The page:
By Carolina de Busto
By Ben Westhoff and Sarah Purkrabek
By Steve Brennan
By Joseph Hess
By Allsion Babka
By Kelsey McClure
By RFT Music
By Christian Schaeffer
Things are shifting, however minutely, for the New Pornographers. In recent years, the band has swapped its trademark straight-shooting infectiousness for permanence; in fact, 2005's Twin Cinema proved that Carl Newman's pop brigade could resonate with listeners without always pummeling them with big hooks and ramped-up choruses. Challengersbuilds on this good faith, and while it doesn't match the cohesiveness and slow-revealing beauty of its predecessor, the album finds a balance between brainy power pop and heartfelt balladry.
Lyrically, the album occupies the space between a breakup album and a mash note to a new girlfriend; the resolution of love gone wrong leaves us a bit wiser, if more guarded. The title track, sung by Neko Case, walks this divide with the knowledge of one who knows the heart's contours. For all the adult concerns and tasteful arrangements, Newman is still a master craftsman of pop songwriting lead single "My Rights Versus Yours" starts off simple and spare, only to reveal a perpetual motion machine of backing-vocal harmonies, new-wave guitar and crescendoing drum patterns.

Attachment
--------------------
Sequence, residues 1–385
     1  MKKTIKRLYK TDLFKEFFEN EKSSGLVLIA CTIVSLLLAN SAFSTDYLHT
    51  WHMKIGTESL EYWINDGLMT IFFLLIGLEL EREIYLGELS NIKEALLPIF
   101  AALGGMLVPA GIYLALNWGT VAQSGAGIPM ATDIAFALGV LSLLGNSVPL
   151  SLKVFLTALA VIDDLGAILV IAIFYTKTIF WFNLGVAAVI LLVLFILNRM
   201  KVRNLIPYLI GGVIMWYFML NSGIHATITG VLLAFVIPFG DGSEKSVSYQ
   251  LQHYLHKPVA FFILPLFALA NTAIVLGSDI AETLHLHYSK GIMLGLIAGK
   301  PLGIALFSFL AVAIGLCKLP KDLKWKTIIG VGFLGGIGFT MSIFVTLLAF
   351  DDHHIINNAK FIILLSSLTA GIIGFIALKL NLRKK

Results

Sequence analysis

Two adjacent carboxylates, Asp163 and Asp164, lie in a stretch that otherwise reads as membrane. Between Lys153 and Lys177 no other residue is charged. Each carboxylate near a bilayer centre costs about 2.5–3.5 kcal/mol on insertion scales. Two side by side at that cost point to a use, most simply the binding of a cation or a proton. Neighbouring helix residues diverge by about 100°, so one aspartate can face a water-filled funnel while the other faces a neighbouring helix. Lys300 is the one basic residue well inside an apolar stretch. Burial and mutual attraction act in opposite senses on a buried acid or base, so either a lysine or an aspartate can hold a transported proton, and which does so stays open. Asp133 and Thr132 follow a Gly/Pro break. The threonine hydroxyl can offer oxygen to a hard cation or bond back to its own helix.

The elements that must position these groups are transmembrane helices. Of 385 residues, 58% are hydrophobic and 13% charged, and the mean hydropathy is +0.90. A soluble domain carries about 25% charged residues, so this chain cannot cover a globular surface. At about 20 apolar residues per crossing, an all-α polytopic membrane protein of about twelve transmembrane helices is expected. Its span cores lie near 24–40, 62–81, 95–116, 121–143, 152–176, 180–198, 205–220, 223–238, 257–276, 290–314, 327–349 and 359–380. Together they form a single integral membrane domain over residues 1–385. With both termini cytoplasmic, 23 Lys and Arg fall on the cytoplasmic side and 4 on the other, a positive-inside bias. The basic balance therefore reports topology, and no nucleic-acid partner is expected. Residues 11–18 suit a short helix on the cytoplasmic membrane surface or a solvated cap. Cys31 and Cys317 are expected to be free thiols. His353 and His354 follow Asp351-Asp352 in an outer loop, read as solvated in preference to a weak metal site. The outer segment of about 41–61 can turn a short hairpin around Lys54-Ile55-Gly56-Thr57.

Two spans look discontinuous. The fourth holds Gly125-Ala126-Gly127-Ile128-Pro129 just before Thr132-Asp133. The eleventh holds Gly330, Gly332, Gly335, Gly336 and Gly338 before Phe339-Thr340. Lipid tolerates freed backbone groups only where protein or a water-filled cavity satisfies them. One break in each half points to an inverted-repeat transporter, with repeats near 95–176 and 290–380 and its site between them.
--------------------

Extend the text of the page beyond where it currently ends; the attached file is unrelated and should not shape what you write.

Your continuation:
While Newman and Case have long been the project's marquee names, Challengerscontains some fine work from the supporting cast. "Adventures in Solitude" gives pianist Kathryn Calder a chance to shine in the song's bridge, her clarion voice rising above the swell of a violin and the wordless bom-bom-boms of the background choir. Dan Bejar fills his prescribed role in the New Pornos, contributing three ace tracks that rank among his finest, either within this band or as Destroyer. His NYC name-dropping "Myriad Harbour" comes off as a hipster's "New York State of Mind," and "The Spirit of Giving" ends the record on a note of baroque regality with harp arpeggios (played by St. Louisan Eileen Gannon) and muted horns. It's a little touch of the grandiose by a band that has always been capable of more than hot guitar licks and three-part harmonies.